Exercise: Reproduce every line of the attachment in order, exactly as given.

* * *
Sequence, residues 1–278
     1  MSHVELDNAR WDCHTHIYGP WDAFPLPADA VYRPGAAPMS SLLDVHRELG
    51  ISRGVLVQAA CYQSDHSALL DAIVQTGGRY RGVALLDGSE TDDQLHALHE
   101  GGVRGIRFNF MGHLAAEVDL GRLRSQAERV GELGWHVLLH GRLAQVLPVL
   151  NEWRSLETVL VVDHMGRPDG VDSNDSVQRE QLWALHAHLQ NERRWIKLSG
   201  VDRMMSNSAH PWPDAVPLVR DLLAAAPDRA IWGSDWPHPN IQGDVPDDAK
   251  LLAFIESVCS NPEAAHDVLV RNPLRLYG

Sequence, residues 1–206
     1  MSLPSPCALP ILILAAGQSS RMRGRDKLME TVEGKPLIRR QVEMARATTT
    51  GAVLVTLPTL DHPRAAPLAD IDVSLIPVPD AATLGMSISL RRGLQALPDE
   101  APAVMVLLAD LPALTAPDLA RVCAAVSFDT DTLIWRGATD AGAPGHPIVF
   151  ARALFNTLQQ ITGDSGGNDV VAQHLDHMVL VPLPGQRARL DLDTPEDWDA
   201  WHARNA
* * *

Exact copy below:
Sequence, residues 1–278
     1  MSHVELDNAR WDCHTHIYGP WDAFPLPADA VYRPGAAPMS SLLDVHRELG
    51  ISRGVLVQAA CYQSDHSALL DAIVQTGGRY RGVALLDGSE TDDQLHALHE
   101  GGVRGIRFNF MGHLAAEVDL GRLRSQAERV GELGWHVLLH GRLAQVLPVL
   151  NEWRSLETVL VVDHMGRPDG VDSNDSVQRE QLWALHAHLQ NERRWIKLSG
   201  VDRMMSNSAH PWPDAVPLVR DLLAAAPDRA IWGSDWPHPN IQGDVPDDAK
   251  LLAFIESVCS NPEAAHDVLV RNPLRLYG

Sequence, residues 1–206
     1  MSLPSPCALP ILILAAGQSS RMRGRDKLME TVEGKPLIRR QVEMARATTT
    51  GAVLVTLPTL DHPRAAPLAD IDVSLIPVPD AATLGMSISL RRGLQALPDE
   101  APAVMVLLAD LPALTAPDLA RVCAAVSFDT DTLIWRGATD AGAPGHPIVF
   151  ARALFNTLQQ ITGDSGGNDV VAQHLDHMVL VPLPGQRARL DLDTPEDWDA
   201  WHARNA